The Saturday Paper understands that even after the first vote on Tuesday, Dutton told close colleagues he was still inclined to wait and gather more support for a second challenge when parliament resumed in a fortnight.
But his numbers men persuaded him he needed to move fast – a move that would ultimately benefit Morrison.
Another MP, who is angry at what is now believed to have been a clever game of doublecross, says Morrison’s tacticians played “rope-a-dope” with the home affairs minister.
A spokesman for Prime Minister Morrison told The Saturday Paper: “The prime minister won’t be responding to unsubstantiated reports.”
Mathias Cormann’s public shift against Turnbull was instrumental in hastening the prime minister’s downfall.
Cormann visited Turnbull on Wednesday and told him his support in the party room had collapsed.
It was at this meeting that Turnbull is understood to have told him his switch was akin to giving in to terrorists.
Cormann is believed to have responded that he had no choice.
Others say Cormann did have a choice and it was the choice he made that finally tipped the balance. But Cormann has insisted privately that even after the first leadership ballot he was trying to bring Dutton and Turnbull together.
After his meeting with Cormann, Turnbull called a news conference, insisting both Cormann and Morrison accompany him.
There, he announced he was dumping the top-end tax cuts and reversing plans to scrap the welfare supplement that was originally compensation for the carbon tax that had since been repealed. If Turnbull lost his leadership, he would not let his successor get the benefit of announcing the policy change he had wanted all along.
He also ensured both men would be asked to pledge their loyalty to him – publicly – which they did. Morrison even put his arm around Turnbull as proof.
That night, Cormann went back to see Turnbull, accompanied by cabinet colleagues Mitch Fifield and Michaelia Cash – who Turnbull had defended throughout her own recent political difficulties. All withdrew their support.
Cormann’s public declaration on Thursday morning that Turnbull had lost majority support, made alongside Fifield and Cash, was what guaranteed a second ballot.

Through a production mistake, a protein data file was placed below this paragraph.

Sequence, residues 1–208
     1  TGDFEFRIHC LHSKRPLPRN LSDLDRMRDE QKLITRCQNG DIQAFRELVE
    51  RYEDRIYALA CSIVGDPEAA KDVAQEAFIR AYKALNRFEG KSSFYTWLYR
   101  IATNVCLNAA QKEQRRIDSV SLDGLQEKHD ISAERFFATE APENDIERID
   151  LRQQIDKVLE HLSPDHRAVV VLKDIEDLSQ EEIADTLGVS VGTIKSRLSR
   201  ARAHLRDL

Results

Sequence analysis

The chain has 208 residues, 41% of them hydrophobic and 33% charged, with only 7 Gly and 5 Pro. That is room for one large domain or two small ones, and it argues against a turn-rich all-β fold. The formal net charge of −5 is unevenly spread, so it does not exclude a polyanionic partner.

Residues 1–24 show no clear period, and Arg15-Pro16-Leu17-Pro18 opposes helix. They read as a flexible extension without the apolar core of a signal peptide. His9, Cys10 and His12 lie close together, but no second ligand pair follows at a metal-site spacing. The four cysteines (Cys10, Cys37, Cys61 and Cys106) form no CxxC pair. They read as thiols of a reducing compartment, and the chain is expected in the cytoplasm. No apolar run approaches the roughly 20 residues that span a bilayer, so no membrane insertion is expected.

“It’s with great sadness and a heavy heart that we went to see the prime minister yesterday afternoon to advise him that, in our judgement, he no longer enjoyed the support of the majority of members in the Liberal Party party room, and that it was in the best interests of the Liberal Party to help manage an orderly transition to a new leader,” Cormann said.
“I did not want to be in this position. I have loyally supported Malcolm Turnbull since he was elected leader of the Liberal Party. I was wanting to continue to support Malcolm Turnbull for years to come as leader of the Liberal Party. But I can’t ignore reality.”
Turnbull had called a series of meetings the previous night, including with his treasurer, Scott Morrison.
Morrison and his supporters had made it known earlier in the week that he would not be a candidate if Turnbull was going to stand.
But Morrison was willing to position himself as an alternative to Dutton once Turnbull was out of the race.
On Thursday, Turnbull indicated he wouldn’t run if the numbers were against him, but gave colleagues mixed messages on whether he would change his mind. It seems Morrison was already making calls, offering himself as a better alternative than Dutton.
In order to become a candidate, Morrison needed Turnbull to concede defeat and not contest the leadership again. He wanted to take the leadership with clean hands, not burdened by having brought down a prime minister.
It is not clear exactly who persuaded Turnbull that he no longer controlled his own parliamentary party, but whoever did was wrong.